SMG via ZUMA
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For the past couple of hours the chattering classes have been obsessed with an anonymous op-ed published in the New York Times this afternoon. And why not? It is a wee bit strange for an op-ed to be anonymous. In this case, it’s written by a “senior official” in the Trump administration¹ who wants us to understand that there are plenty of adults who are monitoring the president and making sure he doesn’t destroy the world. That’s good to know, isn’t it? At the same time, check this out:
The root of the problem is the president’s amorality. Anyone who works with him knows he is not moored to any discernible first principles that guide his decision making. Although he was elected as a Republican, the president shows little affinity for ideals long espoused by conservatives: free minds, free markets and free people. At best, he has invoked these ideals in scripted settings. At worst, he has attacked them outright. In addition to his mass-marketing of the notion that the press is the “enemy of the people,” President Trump’s impulses are generally anti-trade and anti-democratic.
It’s one thing to keep Trump from breaking up NATO on a whim or rerouting the Colorado River through San Diego so Mexico doesn’t get any of its water. But the fact that he’s not always as conservative as his aides would like him to be? Or that he’s anti-trade? Those are things that a president is allowed to be, whether we like it or not. When it comes to routine policy preferences, presidential aides are not supposed to be working against the president on the pretext that they’re saving the country.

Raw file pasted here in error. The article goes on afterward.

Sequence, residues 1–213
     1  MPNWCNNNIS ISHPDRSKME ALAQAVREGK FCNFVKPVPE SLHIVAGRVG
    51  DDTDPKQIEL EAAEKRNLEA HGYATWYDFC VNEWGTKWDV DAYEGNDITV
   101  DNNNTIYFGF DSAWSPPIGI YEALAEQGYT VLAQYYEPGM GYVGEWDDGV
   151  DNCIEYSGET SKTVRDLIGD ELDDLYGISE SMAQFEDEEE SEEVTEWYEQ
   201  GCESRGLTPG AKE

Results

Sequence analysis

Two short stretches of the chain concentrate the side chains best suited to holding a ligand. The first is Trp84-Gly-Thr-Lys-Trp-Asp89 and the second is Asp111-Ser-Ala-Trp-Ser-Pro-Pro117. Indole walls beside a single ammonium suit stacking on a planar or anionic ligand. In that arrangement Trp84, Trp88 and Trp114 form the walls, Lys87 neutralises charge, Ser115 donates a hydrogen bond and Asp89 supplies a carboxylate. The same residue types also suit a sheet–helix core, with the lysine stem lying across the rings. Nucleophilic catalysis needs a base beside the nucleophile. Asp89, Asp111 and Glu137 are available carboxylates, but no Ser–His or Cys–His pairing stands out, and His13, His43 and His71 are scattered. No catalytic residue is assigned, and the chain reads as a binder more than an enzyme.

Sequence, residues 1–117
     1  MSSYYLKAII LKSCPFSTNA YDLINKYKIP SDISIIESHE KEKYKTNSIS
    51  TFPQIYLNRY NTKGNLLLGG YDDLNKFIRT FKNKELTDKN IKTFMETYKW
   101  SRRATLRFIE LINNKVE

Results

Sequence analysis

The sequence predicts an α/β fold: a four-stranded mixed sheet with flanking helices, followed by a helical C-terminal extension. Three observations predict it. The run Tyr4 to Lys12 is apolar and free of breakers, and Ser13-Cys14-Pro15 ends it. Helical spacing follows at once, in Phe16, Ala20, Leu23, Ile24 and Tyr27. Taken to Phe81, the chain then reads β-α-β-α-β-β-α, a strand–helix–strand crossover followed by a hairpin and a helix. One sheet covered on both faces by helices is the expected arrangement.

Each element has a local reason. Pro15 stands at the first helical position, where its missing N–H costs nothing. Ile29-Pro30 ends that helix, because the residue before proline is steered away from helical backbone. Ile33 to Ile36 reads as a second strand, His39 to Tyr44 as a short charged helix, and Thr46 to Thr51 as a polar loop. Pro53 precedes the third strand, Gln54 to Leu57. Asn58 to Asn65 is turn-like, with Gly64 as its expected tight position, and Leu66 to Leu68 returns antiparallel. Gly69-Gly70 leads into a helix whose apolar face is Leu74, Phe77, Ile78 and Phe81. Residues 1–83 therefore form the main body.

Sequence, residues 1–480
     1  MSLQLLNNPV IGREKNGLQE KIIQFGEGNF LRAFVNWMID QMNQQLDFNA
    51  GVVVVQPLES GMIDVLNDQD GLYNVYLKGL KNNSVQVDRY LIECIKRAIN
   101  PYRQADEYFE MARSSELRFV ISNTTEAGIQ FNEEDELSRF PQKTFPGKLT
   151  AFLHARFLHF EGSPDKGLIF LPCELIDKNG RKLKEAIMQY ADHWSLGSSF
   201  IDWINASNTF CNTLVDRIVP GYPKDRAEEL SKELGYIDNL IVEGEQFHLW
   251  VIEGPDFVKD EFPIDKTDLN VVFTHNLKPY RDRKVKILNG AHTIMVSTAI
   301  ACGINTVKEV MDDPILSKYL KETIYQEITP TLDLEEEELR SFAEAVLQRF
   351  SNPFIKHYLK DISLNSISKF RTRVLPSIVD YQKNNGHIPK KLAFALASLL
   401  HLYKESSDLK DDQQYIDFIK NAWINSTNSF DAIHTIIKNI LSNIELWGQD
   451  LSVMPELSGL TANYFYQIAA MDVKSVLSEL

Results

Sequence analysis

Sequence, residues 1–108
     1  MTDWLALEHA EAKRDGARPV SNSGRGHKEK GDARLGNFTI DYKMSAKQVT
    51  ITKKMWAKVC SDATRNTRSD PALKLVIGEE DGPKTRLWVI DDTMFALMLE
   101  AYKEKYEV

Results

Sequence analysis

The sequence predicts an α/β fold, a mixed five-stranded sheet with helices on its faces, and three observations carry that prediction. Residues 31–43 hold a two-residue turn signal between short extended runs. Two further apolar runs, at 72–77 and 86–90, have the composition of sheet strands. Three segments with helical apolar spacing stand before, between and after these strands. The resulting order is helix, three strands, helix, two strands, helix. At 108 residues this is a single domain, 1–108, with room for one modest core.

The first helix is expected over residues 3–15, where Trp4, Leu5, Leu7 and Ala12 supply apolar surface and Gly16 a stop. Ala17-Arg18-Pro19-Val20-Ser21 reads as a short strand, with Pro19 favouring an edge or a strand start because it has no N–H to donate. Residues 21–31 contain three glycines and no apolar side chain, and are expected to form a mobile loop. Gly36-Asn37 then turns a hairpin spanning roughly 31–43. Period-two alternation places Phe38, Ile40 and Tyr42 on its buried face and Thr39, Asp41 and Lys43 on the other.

On the other hand, if Trump is too stupid to figure out that this is happening, then I guess I don’t care. Let ’em brawl. Considering the astonishing level of amorality and cowardice that the Republican Party has shown in the era of Trump, I couldn’t care less what happens to them. With any luck, the entire party will disintegrate like the Whigs and be replaced by a new party with a modest veneer of principle and at least a pretense of regard for the non-white and non-rich. It can’t happen soon enough.
¹Not necessarily in the White House, though. Keep this in mind.